Via CIDRAP, Lisa Schnirring has a long, informative report: WHO sees camels as MERS source, but route uncertain. Excerpt:
Camels are the source of Middle East respiratory syndrome coronavirus (MERS-CoV), but it's still not clear how the virus is jumping to humans, the World Health Organization (WHO) said yesterday in a summary of its latest thinking on the disease, based on cases and scientific reports.
The agency also raised concerns about transmission of the disease in hospitals, which seems to be fueling a good portion of the limited human-to-human spread of the virus.
The WHO's fresh assessment came with a separate statement revealing more about six recent cases reported by Saudi Arabia and on the eve of yet another new case reported by the country's health ministry.
The new WHO review is its first on MERS since Jan 20. Since then, researchers have published three major animal studies, and health officials from five different Middle Eastern countries have reported 28 human infections, 10 fatal, to the WHO.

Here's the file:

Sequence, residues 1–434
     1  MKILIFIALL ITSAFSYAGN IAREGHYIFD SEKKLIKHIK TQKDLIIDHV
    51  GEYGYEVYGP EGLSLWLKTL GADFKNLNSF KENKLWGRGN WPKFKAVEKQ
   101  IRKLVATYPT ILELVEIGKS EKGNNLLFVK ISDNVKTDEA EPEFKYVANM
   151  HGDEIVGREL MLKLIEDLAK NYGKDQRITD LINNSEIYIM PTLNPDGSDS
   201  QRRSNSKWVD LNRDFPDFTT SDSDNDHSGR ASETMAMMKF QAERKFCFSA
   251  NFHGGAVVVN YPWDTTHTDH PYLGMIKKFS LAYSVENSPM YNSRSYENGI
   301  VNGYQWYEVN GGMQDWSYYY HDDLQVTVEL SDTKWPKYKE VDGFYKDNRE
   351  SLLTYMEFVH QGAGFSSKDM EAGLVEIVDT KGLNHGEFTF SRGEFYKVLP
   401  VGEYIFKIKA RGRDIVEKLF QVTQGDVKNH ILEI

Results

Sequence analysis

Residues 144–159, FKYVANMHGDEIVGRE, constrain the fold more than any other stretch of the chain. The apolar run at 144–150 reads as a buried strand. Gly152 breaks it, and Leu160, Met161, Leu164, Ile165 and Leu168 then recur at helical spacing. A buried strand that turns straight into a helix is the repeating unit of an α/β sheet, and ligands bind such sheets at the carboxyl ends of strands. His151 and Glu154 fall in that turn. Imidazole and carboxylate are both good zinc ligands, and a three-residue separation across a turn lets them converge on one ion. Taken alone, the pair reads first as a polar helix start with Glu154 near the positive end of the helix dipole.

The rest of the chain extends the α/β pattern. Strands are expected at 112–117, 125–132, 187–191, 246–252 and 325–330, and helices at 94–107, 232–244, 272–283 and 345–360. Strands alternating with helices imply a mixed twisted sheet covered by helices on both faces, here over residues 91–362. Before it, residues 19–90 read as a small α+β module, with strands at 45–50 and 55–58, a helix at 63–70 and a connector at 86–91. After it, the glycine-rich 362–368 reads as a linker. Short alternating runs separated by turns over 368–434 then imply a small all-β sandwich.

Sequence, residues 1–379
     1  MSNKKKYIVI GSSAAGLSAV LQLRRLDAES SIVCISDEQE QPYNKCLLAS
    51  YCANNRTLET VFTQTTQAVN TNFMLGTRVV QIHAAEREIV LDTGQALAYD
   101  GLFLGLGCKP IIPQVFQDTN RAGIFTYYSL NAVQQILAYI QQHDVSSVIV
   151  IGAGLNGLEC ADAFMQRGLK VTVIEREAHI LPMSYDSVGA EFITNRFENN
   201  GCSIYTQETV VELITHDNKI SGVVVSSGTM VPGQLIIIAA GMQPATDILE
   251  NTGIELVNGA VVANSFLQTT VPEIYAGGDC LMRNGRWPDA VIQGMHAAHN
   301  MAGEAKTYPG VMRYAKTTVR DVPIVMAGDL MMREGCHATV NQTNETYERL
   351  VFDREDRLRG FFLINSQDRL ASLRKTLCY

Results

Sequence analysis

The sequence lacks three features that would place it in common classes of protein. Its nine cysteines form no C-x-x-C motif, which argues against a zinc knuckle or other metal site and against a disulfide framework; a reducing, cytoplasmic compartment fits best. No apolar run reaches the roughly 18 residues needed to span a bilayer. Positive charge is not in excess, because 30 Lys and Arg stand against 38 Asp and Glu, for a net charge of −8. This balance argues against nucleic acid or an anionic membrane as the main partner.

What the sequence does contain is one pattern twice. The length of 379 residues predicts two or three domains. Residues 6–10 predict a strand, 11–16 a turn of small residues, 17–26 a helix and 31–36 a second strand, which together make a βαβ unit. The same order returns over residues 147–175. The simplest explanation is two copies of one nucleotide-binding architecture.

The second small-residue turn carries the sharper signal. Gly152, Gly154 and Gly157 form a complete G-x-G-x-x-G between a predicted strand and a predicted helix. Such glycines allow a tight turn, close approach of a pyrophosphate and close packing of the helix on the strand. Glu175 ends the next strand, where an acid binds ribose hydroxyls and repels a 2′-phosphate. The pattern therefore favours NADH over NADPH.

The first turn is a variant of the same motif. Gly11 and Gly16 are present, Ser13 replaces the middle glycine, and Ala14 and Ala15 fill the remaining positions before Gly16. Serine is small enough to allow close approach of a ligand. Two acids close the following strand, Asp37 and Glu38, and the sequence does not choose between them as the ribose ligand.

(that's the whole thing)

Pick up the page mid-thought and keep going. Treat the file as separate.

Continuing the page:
Clues from animal studies
Genetic sequencing conducted in two of the studies—one on camels in Egypt and one on an infected camel linked to a human case in Saudi Arabia—found high similarity to MERS-CoV viruses that have infected people.
In the third study, testing found evidence of the virus in a large number of camels across Saudi Arabia, but not in goats and sheep. The same study looked at archived specimens hinted that camels have been exposed to the virus as far back as 1992.
Genetic sequencing doesn't just show the similarity between the camel and human viruses, it also seems suggest that human disease patterns result from repeated introductions into human populations from camels, with only limited ongoing transmission in humans, the WHO said.
However, less clear is how the virus is transmitting from camels to humans. The WHO said that so far, its analysis of primary cases—those not infected by other humans—suggests that transmission is indirect, because most patients lack a recent history of direct contact with camels.